JOURNAL: BOOK ONE - September 15 – October 28, 2007
Washington DC --- Have you ever peeked inside someone’s diary and read a snippet of secret information, shocking or
banal? That sensation of uninvited intimacy is captured in Renée Stout’s exhibition Journal: Book One. Stout gives the
audience an intimate peek into the life of her alter ego, Fatima Mayfield, as if she opened a private journal. The exhibition
opens to the public on Saturday, September 15 with a reception from 6:30 – 8:30pm. The exhibition remains on view
through Saturday, October 27.
In Journal: Book One, Stout expands her exploration of personal and universal topics of romantic contrasts and conflicts,
financial pressures, and social ills through the fictitious life of Fatima Mayfield, her alter ego, root worker, seer, and healer.
Mayfield’s life story unfolds, in paintings, sculptures, photographs, and drawings, fueling Stout’s continual exploration of
self-discovery and an attempt to understand human motivations.
Photographic images - a new medium for Stout - cast a spell of film noir. Depicting altars and African inkisi, the images
include evidence of Fatima’s healing roots, as well as vignettes of activity captured from the root worker’s life. Listening
to the Voice of a Spirit depicts Fatima, striking a confident pose, bathed in the bright light of a curtained window. The
figure is at once seductive and imposing. Surrounding her are the details of her inspiration, profession and existence.
The photograph presents the dilemma of Stout’s work, Fatima’s existence, and our human condition: for everything that is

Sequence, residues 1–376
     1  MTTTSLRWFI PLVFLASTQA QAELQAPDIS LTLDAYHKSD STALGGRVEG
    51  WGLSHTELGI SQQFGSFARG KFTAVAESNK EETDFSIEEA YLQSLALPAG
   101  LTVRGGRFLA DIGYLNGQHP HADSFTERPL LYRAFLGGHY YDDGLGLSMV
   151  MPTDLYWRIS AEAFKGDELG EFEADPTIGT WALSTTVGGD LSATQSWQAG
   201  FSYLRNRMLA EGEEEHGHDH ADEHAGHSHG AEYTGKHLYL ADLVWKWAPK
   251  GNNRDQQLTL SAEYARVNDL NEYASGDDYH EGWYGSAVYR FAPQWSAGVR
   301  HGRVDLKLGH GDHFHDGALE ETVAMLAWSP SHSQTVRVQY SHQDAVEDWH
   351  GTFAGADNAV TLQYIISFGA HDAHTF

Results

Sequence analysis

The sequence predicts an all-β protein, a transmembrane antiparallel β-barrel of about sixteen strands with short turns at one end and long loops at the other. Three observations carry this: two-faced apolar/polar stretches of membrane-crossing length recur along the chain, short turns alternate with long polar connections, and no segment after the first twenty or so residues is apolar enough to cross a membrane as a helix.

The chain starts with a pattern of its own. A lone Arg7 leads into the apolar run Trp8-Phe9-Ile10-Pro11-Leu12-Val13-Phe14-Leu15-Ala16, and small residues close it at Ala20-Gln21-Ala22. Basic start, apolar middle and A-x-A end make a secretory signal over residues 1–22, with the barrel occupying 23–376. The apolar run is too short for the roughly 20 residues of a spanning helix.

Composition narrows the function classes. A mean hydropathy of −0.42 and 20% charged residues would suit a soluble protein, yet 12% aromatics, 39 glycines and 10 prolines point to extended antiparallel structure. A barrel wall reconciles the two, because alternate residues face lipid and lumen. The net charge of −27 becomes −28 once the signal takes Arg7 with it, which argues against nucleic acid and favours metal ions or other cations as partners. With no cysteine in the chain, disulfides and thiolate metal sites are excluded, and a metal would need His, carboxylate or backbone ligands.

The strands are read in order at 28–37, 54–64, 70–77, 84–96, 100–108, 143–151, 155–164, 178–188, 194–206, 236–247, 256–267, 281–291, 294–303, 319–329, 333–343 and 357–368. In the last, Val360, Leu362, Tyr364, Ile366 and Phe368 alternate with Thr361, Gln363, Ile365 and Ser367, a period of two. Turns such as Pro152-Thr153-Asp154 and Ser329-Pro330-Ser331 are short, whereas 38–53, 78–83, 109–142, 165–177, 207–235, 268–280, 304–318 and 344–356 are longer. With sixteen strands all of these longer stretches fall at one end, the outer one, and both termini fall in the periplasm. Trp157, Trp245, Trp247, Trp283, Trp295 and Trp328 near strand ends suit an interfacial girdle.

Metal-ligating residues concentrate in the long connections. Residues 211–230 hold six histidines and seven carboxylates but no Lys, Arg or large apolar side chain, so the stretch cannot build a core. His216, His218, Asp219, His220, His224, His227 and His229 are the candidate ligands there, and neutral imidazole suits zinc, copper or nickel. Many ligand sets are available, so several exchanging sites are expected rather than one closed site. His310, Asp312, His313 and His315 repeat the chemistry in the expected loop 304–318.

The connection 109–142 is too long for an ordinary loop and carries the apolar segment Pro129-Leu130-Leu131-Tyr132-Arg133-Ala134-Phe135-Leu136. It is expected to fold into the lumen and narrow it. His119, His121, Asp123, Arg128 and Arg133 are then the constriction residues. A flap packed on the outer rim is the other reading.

revealed, there is still more that is unknown.
Many of Stout’s works in Journal: Book One address issues of the heart and the complex, often complicated relationships
between male and female. Cures #4 is an intimately scaled painting with a hinged panel attachment and a selection of
vials filled with unidentified remedies. On the hinged panel, an anatomical heart is painted, separated from its owner and
Renée Stout is a recipient of a Joan Mitchell Award (2005), The Pollack Krasner Foundation Award (1991 & 1999), the
Anonymous Was a Woman Award (1999), and The Louis Comfort Tiffany Foundation Award (1993). Her work has been
exhibited in numerous galleries, universities, and museums both nationally and internationally. Her work is included
in such collections as The National Gallery of Art, Washington, DC, The San Francisco Museum of Fine Art, CA, The
Metropolitan Museum of Art, New York, the Baltimore Museum of Art, MD, Rhode Island School of Design Museum, RI,
and the Smithsonian American Art Museum, Washington, DC, among others.